While the medieval English church, for example, had only two metropolitans, the archbishops of Canterbury and York, Timothy presided over no fewer than 19 metropolitans and 85 other diocesan bishops. During his more than four-decade-long patriarchate, Timothy created no fewer than five new metropolitan sees, including one at Rai, near modern-day Tehran, and erected a diocese in Yemen alongside the four on the Arabian Peninsula that he had inherited from his predecessor. In a letter quoted by Jenkins, the patriarch boasted about how, after the conversion of the Turkish great king who ruled over much of central Asia, the khagan, “the Holy Spirit has anointed a metropolitan for the Turks.” This outward expansion was not unprecedented: missionaries from the Church of the East, whose adherents had been branded heretical Nestorians by the Council of Ephesus (431) and were largely driven out the Roman Empire, had roamed as far as China and Tibet and succeeded in establishing bishoprics in those parts by around 600.
As Jenkins points out, the Nestorians, along with the Egyptian (Coptic) and Syrian (Jacobite) Christians, who were anathematized as Monophysites by Rome and Constantinople following the Council of Chalcedon (451), not only constituted “the Christian mainstream in large portions of the world” but also “possessed a vibrant lineal and cultural connection to the earliest Jesus movement of Syria and Palestine,” being rooted in the Semitic languages of the Middle East with faithful who still thought and spoke in Syriac. Even after the Arab conquests, these believers retained such vibrant culture that “in terms of the number and splendor of its churches and monasteries, its vast scholarship and dazzling spirituality, Iraq,” for example, “was through the late Middle Ages at least as much a cultural and spiritual heartland of Christianity as was France or Germany, or indeed Ireland.” Nor were these Eastern Christians turned inward. Rather, together with Jewish sages, they dominated the cultural and intellectual life of what was to become the “Muslim world.” Jenkins notes:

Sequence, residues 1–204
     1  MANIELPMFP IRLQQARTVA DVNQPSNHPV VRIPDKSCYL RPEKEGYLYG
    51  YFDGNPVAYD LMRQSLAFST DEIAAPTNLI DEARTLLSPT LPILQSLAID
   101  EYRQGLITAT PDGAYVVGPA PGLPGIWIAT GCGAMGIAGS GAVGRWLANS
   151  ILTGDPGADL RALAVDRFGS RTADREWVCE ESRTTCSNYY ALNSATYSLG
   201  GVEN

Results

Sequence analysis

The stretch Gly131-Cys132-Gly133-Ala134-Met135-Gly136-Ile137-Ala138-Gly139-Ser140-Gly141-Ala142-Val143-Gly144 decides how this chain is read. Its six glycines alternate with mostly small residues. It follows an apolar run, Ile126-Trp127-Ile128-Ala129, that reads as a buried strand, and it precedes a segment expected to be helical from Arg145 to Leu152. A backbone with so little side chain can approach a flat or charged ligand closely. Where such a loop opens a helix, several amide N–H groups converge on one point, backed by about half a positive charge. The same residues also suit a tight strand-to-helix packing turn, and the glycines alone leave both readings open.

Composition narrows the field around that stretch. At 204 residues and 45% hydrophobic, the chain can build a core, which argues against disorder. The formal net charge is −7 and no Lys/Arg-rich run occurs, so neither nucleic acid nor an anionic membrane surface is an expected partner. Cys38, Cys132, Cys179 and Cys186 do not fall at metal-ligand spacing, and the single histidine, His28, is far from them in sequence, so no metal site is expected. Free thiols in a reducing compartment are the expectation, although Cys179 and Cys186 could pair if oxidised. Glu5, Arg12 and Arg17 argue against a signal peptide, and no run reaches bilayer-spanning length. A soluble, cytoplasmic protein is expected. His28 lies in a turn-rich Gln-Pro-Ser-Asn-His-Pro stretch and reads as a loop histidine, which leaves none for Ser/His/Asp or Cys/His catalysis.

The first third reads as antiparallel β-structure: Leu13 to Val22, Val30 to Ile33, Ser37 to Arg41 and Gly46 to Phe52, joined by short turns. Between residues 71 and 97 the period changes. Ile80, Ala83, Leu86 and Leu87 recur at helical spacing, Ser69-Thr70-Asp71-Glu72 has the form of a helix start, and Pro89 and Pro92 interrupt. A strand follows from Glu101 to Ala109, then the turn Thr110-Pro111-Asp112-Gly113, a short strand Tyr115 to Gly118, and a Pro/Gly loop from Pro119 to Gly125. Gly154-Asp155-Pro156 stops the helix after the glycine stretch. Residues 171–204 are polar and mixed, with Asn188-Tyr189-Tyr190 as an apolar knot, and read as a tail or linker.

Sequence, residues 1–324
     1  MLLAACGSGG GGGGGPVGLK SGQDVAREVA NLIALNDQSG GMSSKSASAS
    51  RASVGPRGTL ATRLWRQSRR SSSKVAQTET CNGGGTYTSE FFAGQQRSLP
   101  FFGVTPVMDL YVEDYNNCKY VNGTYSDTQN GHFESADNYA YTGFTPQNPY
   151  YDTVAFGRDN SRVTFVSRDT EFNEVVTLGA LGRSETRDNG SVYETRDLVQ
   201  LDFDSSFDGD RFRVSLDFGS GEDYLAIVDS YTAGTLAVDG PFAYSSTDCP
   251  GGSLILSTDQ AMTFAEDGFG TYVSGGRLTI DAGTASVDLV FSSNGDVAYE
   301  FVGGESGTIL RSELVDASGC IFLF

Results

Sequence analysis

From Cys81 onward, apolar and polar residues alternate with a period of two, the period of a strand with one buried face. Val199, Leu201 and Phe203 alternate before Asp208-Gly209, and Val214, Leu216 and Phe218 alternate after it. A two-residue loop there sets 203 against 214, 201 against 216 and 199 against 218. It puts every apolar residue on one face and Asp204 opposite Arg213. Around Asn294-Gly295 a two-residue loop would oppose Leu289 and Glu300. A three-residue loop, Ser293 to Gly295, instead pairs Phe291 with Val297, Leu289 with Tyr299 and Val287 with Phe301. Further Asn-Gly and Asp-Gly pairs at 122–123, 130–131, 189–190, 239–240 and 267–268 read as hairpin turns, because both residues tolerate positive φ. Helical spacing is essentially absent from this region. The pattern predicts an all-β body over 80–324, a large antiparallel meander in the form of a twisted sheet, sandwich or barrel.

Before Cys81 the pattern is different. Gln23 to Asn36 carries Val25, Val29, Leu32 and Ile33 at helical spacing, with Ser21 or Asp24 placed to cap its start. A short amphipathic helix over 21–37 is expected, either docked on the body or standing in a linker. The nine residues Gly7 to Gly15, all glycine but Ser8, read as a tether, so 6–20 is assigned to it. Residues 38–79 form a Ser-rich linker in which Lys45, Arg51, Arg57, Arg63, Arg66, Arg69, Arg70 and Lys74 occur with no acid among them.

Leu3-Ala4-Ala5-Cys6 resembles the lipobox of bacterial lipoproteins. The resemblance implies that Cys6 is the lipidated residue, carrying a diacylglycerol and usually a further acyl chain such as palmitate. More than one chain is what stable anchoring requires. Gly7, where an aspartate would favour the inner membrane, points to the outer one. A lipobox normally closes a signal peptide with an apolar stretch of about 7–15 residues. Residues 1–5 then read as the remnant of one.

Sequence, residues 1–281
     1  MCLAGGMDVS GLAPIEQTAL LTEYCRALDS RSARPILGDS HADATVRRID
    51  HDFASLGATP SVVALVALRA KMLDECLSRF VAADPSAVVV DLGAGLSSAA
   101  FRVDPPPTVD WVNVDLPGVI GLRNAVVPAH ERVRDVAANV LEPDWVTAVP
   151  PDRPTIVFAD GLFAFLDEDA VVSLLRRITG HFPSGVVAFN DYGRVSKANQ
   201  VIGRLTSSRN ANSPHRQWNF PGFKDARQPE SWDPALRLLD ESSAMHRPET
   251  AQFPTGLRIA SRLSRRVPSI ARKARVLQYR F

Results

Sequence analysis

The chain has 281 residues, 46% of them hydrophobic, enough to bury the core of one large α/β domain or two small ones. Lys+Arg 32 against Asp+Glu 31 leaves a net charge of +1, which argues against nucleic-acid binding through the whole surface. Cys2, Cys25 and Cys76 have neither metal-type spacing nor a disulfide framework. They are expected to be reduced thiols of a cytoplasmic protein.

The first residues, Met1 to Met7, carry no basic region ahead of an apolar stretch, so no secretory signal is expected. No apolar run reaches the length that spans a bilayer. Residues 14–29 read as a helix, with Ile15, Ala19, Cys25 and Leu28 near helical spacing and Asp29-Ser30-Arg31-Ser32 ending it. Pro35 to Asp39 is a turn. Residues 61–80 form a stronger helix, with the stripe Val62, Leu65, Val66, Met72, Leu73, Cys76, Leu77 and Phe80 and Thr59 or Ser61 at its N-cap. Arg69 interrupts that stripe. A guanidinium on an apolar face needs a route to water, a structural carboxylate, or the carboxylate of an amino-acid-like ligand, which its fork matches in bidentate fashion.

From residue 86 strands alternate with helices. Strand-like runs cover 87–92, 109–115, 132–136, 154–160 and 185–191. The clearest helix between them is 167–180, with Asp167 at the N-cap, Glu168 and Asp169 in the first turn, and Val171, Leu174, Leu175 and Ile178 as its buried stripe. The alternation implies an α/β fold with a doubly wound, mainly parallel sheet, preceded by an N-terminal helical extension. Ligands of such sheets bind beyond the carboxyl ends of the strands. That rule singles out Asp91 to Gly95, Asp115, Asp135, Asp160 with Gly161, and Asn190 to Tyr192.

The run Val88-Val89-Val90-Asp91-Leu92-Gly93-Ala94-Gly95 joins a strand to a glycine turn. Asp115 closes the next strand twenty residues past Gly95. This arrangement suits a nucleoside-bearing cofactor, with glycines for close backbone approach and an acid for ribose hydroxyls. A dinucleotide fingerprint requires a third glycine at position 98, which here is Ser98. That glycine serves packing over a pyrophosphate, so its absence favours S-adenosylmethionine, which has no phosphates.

It was Christians—Nestorians, Jacobite, Orthodox, and others—who preserved and translated the cultural inheritance of the ancient world—the science, philosophy, and medicine—and who transmitted it to centers like Baghdad and Damascus. Much of what we call Arab scholarship was in reality Syriac, Persian, and Coptic, and it was not necessarily Muslim. Syriac-speaking Christian scholars brought the works of Aristotle to the Muslim world: Timothy himself translated Aristotle’s Topics from Syriac into Arabic, at the behest of the caliph. Syriac Christians even make the first reference to the efficient Indian numbering system that we know today as “Arabic,” and long before this technique gained currency among Muslim thinkers…Such were the Christian roots of the Arabic golden age.
While the Arab Muslim conquests of the seventh century subjected the Christians of the Middle East to incredible pressures, the ancient communities nonetheless not only survived, as underscored by the remarkable renaissance of the Church of the East during the patriarchate of Timothy I, but even managed to thrive. “Only around 1300,” writes Jenkins, “did the axe fall, and quite suddenly.” The factors for this tragic turn of events, he argues, were global:
The aftereffects of the Mongol invasions certainly played their part, by terrifying Muslims and others with the prospect of a direct threat to their social and religious power. Climatic factors were also critical, as the world entered a period of rapid cooling, precipitating bad harvests and shrinking trade routes: a frightened and impoverished world looks for scapegoats.